Improve Multiple Sclerosis with Meditation and Yoga

Improve Multiple Sclerosis with Meditation and Yoga


By John M. de Castro, Ph.D.


“Studies show that for some people with MS, chronic exposure to stress is associated with worsening neurological symptoms and increased brain lesions. Researchers believe that mindfulness may help people better respond to stress by fostering healthier coping strategies. Mindfulness practice appears to be a safe, drug-free approach to coping with stress and anxiety, which may in turn help reduce your MS symptoms.” – Amit Sood


Multiple Sclerosis (MS) is a progressive demyelinating disease which attacks the coating on the neural axons which send messages throughout the body and nervous system. It affects about 2 million people worldwide and about 400,000 in the U.S. It is most commonly diagnosed in people between the ages of 20 and 50 years.  Unfortunately, there is no cure for multiple sclerosis. There are a number of approved medications that are used to treat MS but are designed to lessen frequency of relapses and slow the progression of the disease, but they don’t address individual symptoms.


Although there is a progressive deterioration, MS is not fatal with MS patients having about the same life expectancy as the general population. Hence, most MS sufferers have to live with the disease for many years. So, quality of life becomes a major issue. Quality of life with MS is affected by fatigue, cognitive decrements, physical impairment, depression, and poor sleep quality. There is a thus a critical need for safe and effective methods to help relieve the symptoms of MS and improve quality of life.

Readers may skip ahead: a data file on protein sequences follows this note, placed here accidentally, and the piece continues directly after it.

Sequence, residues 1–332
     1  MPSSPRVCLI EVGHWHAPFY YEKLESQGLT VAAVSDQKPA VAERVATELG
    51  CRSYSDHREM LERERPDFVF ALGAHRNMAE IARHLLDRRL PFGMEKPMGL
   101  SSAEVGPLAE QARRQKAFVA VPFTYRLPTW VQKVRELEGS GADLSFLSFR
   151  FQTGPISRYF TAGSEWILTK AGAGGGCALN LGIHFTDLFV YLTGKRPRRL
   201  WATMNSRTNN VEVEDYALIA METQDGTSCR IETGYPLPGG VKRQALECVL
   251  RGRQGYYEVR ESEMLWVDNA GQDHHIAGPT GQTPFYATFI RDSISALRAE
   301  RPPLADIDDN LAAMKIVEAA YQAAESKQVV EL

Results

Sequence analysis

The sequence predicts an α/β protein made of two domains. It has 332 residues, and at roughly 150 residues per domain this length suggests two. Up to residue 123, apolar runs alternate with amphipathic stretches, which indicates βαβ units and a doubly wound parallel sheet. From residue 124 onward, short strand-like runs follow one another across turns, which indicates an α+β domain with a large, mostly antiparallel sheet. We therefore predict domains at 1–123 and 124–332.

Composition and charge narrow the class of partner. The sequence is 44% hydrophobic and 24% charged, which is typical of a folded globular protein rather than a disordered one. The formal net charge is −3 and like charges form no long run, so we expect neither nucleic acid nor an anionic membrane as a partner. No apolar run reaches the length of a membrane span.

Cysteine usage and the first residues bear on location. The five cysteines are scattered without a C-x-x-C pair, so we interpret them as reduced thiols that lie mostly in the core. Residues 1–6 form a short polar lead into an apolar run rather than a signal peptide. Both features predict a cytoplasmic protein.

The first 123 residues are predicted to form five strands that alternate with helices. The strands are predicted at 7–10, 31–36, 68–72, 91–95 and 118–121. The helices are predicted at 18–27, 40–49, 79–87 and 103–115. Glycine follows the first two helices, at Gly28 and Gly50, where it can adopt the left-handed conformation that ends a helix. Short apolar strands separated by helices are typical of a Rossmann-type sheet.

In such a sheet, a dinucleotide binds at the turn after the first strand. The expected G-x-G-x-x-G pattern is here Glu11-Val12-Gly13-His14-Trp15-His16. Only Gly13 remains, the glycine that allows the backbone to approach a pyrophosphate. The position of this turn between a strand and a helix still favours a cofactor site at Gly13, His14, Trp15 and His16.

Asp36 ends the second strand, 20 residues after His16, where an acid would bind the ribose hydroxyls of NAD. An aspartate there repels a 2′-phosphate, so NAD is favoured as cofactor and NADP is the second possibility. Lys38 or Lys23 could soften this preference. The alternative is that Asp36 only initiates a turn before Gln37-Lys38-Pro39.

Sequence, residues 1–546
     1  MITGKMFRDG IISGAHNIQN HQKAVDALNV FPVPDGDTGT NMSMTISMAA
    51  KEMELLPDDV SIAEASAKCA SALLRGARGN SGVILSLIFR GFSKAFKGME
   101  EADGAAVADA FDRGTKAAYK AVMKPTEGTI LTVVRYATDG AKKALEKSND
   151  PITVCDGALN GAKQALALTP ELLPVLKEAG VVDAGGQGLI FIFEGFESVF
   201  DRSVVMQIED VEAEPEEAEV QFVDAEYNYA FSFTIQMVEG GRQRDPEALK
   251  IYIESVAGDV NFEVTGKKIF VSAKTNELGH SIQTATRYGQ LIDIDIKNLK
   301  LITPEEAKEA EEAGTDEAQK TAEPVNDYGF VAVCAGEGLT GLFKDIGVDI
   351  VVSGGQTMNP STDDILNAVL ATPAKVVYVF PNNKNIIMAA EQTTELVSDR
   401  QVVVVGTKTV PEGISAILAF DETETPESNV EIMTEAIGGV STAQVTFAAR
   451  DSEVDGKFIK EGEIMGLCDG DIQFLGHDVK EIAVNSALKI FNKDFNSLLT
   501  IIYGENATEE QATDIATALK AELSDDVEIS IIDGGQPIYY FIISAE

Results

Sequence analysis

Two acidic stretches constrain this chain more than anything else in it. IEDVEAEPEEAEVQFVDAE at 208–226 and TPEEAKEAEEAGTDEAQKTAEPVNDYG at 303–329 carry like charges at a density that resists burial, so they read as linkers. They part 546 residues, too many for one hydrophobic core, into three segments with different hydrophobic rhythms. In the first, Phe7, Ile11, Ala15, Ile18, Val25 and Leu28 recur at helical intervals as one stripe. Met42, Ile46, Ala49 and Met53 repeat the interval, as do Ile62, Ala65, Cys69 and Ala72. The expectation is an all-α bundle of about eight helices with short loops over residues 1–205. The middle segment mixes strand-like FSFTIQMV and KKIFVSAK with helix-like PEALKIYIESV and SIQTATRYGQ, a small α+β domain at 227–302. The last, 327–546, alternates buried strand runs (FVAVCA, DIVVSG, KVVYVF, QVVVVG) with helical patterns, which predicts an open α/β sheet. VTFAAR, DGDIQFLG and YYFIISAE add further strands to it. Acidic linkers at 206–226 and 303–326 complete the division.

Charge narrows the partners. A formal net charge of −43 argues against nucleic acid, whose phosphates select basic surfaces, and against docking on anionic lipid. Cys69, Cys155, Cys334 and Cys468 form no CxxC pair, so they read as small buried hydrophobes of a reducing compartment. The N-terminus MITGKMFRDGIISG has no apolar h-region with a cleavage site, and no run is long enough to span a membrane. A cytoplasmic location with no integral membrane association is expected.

Mindfulness practices have been previously shown to improve depressionsleep quality, cognitive impairmentsemotion regulation, and fatigue. It has also been shown to improve the symptoms of multiple sclerosis.  Yoga is a mindfulness practice that has the added feature of exercising and stretching the muscles. It would seem likely that yoga practice might be an ideal treatment for improving the quality of life and lessening symptoms in patients with multiple sclerosis.


In today’s Research News article “Mindfulness in Motion for People with Multiple Sclerosis: A Feasibility Study.” See summary below or view the full text of the study at:, Gilbertson and Klatt examined the combination of meditation and chair yoga practice which in the treatment of multiple sclerosis. They called this program “Mindfulness in Motion.” In a pilot feasibility study, they recruited patients with multiple sclerosis and provided them with 8 weeks of the “Mindfulness in Motion” program. The program met once a week for one hour and participants were expected to practice at home for 20 minutes every day. Participants were measured before and after the 8 weeks of practice for mindfulness, fatigue, anxiety, depression, behavior control, and positive affect, physical functioning, role limitations due to physical problems, bodily pain, general health perceptions, vitality, social functioning, role limitations due to emotional problems, and mental health.